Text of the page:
August 12, 2019
Issue 09 2019

The Griefs of Graduation

We all dream of the day that we can put on the cap and gown and post a series of self-indulgent graduation pictures onto our respective social media pages. But what happens after that glorious day? What do we do after we’ve raked in the likes on Insta and soaked up the last of our heavy drinking nights?


You’re thrown out into the real world. You’ve graduated — but what happens next?


The Graduate Outcomes Survey, conducted annually by the Australian Government Department of Education and Teaching, showed that only 73% of new graduates who were looking for full-time employment had found it, four months after graduating. This is an increase from the low in 2014, where only 68% of recent graduates had found employment within four months. However, historically, this still stands as a poor result.


On a more subjective scale, 27% of graduates with full-time jobs felt that their job was not fully utilizing their skills or university specification. New Zealand mirrors these statistics.


We all have the hope that once we’ve strutted across the stage and received our overpriced certificates, we’ll be able to waltz blissfully into working life with just as much ease. This is not always the case.


Many graduates struggle not only with finding a job, but also with feeling prepared for the workforce (and believing that anything that they’ve learnt in the past few years can help them). Graduating is hard, but there are certainly ways to better equip ourselves.  


I spoke with two graduates about their experiences job-hunting, and what advice they would give to future graduates about to enter the workforce.


Josh Binney, a software engineering graduate, was fortunate to find a job in his field, but still recalls feeling incredibly nervous leading up to graduation.


“The big thing is realizing that uni can’t teach you everything,” he said.


“When you enter a new job in a new field, there is at least a week when you have no idea what you have done and consider crazy notions like moving to Hamilton.”


When asked if he was prepared after leaving university, Josh laughed.


“Long story short, no. I was not prepared to enter the workforce. But with enough confidence to consistently pester colleagues for answers, that doesn’t really matter.”


Shayden Cathro, a business graduate who majored in finance, expressed similar concerns.


“It (graduation) was a bittersweet feeling,” she reminisced.


“I felt ready in the sense that I had put in the hard work and earned my dues, however, I also knew that the hard work was far from over – just in a different sense.”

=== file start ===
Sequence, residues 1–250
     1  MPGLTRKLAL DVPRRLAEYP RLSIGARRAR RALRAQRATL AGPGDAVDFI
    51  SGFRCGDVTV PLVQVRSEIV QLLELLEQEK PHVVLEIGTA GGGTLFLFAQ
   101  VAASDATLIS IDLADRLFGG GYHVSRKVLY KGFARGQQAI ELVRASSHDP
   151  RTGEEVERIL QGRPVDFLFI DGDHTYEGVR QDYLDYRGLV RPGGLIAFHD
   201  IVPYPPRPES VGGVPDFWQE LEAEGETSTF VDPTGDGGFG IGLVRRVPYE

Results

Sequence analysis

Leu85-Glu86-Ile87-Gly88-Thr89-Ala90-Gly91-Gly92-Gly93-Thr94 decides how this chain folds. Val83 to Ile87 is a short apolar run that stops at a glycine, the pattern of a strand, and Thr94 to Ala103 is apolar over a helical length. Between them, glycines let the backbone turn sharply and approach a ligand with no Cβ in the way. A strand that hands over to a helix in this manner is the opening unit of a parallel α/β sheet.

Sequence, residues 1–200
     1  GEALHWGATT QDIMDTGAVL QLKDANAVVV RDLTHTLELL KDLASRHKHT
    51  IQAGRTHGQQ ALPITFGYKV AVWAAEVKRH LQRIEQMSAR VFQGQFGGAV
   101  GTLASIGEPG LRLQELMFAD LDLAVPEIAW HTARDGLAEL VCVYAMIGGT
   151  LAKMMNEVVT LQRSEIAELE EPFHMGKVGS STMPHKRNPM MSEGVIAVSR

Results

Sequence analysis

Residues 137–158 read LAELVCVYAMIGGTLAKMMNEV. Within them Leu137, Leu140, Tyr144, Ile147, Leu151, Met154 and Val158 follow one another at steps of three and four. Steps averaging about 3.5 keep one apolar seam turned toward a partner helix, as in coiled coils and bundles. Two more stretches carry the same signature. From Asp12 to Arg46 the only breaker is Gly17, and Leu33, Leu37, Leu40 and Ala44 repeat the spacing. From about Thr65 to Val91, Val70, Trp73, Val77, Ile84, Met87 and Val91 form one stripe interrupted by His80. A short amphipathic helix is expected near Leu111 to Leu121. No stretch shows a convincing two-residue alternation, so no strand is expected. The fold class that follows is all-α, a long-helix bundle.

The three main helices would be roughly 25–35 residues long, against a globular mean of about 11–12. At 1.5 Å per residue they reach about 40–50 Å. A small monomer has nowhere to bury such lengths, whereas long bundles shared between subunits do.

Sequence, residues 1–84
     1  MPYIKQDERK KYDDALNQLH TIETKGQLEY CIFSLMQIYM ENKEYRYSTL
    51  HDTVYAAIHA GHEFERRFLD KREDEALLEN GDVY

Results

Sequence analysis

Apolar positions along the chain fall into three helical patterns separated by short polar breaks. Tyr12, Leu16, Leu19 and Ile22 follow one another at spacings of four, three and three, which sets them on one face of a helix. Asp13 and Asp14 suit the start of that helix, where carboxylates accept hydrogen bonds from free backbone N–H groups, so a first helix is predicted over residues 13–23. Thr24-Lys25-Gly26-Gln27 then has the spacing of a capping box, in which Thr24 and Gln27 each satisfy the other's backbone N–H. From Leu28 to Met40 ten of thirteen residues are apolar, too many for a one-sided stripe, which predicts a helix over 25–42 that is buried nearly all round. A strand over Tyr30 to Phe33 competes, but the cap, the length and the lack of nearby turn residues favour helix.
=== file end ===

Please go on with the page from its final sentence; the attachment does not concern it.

“My biggest fear was that I’d have done all this study and then I’d get to the workforce and forget most of what I had learnt,” she added.


“This was reality to an extent — I can’t say I remember the binomial option pricing model or how to value a bond without looking at the formula! But the foundational knowledge is still there.”


But how did Josh and Shayden get so lucky with landing jobs? It took a lot of extracurricular involvement and a bit of sheer luck. Josh and Shayden put in conscientious extra effort during their studies, hunting for ways to bulk up their CV and gain invaluable experience.


Josh retold stories of having summer jobs that provided him with both the financial stability to be “hungover on a Tuesday” and the professional ability to pretend he had developed some of those infamous ‘interpersonal skills’ we’d all like to boast about on our résumé. Josh also secured himself an internship that gave him a definite foot in the door.


Shayden on the other hand, was an active member of Massey University’s student investment club. She said that participating in clubs like this helped her significantly on her job hunt.


“Something I’d heard on multiple occasions is that employers would be looking for more than good grades,” she explained.


“I decided to action this through various means such as sport, joining Massey’s Student Investment Club and volunteering stints.”


By joining extra curriculars, Shayden says that as a student you can set your own stage and showcase the qualities that you want potential employers to see.


“Your best bet to get ahead is to put in the effort,” Josh added.


“Do your best. It doesn’t matter if your best is an A or a C. Simple fact is if you don’t do your best you’ll only kick yourself later on — which is difficult to do when you’ve sold your legs on the black market to pay for a one way fare to Hamilton.”


Both Shayden and Josh have lots of friends who have found jobs in slightly different fields from what they originally expected during university, and they themselves have found their jobs can require vastly different skills from what they remember studying.


“It can be very difficult to find work after graduation” Josh admitted, “Especially since the competition is high. If things don’t work out exactly as you planned during uni or after, don’t sweat it. As long as you try and don’t roll over and give up, things will eventually fall into place.”


Shayden agreed. “Manage your expectations,” she said, “Don’t expect your first job that you land after graduating to be the perfect job for you.”


Whilst cracking into the job market and finding the job of your dreams can be hard, it is important to keep an open mind and accept that life isn’t always going to fall into place like it does on TV. There’s a journey to finding out who you are, and the humbling experience of working those crumby retail jobs is all part of that. Eventually you’ll find that everything is working out okay — even if you have to move to Hamilton in the process.